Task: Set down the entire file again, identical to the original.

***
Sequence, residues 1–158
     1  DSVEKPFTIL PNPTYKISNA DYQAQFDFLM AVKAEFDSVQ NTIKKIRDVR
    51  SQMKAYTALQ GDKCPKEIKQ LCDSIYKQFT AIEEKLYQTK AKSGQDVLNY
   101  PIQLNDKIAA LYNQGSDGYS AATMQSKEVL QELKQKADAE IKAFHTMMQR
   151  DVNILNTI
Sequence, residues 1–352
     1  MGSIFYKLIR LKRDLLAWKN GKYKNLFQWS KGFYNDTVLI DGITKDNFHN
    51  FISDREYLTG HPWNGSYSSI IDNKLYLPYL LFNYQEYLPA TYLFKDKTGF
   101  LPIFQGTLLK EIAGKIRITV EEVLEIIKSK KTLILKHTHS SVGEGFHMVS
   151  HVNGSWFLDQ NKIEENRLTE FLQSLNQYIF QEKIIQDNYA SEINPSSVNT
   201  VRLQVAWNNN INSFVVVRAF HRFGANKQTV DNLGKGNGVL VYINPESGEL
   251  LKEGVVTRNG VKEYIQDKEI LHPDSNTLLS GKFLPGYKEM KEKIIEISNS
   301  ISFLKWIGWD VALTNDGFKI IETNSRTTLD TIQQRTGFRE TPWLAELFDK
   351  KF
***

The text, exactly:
Sequence, residues 1–158
     1  DSVEKPFTIL PNPTYKISNA DYQAQFDFLM AVKAEFDSVQ NTIKKIRDVR
    51  SQMKAYTALQ GDKCPKEIKQ LCDSIYKQFT AIEEKLYQTK AKSGQDVLNY
   101  PIQLNDKIAA LYNQGSDGYS AATMQSKEVL QELKQKADAE IKAFHTMMQR
   151  DVNILNTI
Sequence, residues 1–352
     1  MGSIFYKLIR LKRDLLAWKN GKYKNLFQWS KGFYNDTVLI DGITKDNFHN
    51  FISDREYLTG HPWNGSYSSI IDNKLYLPYL LFNYQEYLPA TYLFKDKTGF
   101  LPIFQGTLLK EIAGKIRITV EEVLEIIKSK KTLILKHTHS SVGEGFHMVS
   151  HVNGSWFLDQ NKIEENRLTE FLQSLNQYIF QEKIIQDNYA SEINPSSVNT
   201  VRLQVAWNNN INSFVVVRAF HRFGANKQTV DNLGKGNGVL VYINPESGEL
   251  LKEGVVTRNG VKEYIQDKEI LHPDSNTLLS GKFLPGYKEM KEKIIEISNS
   301  ISFLKWIGWD VALTNDGFKI IETNSRTTLD TIQQRTGFRE TPWLAELFDK
   351  KF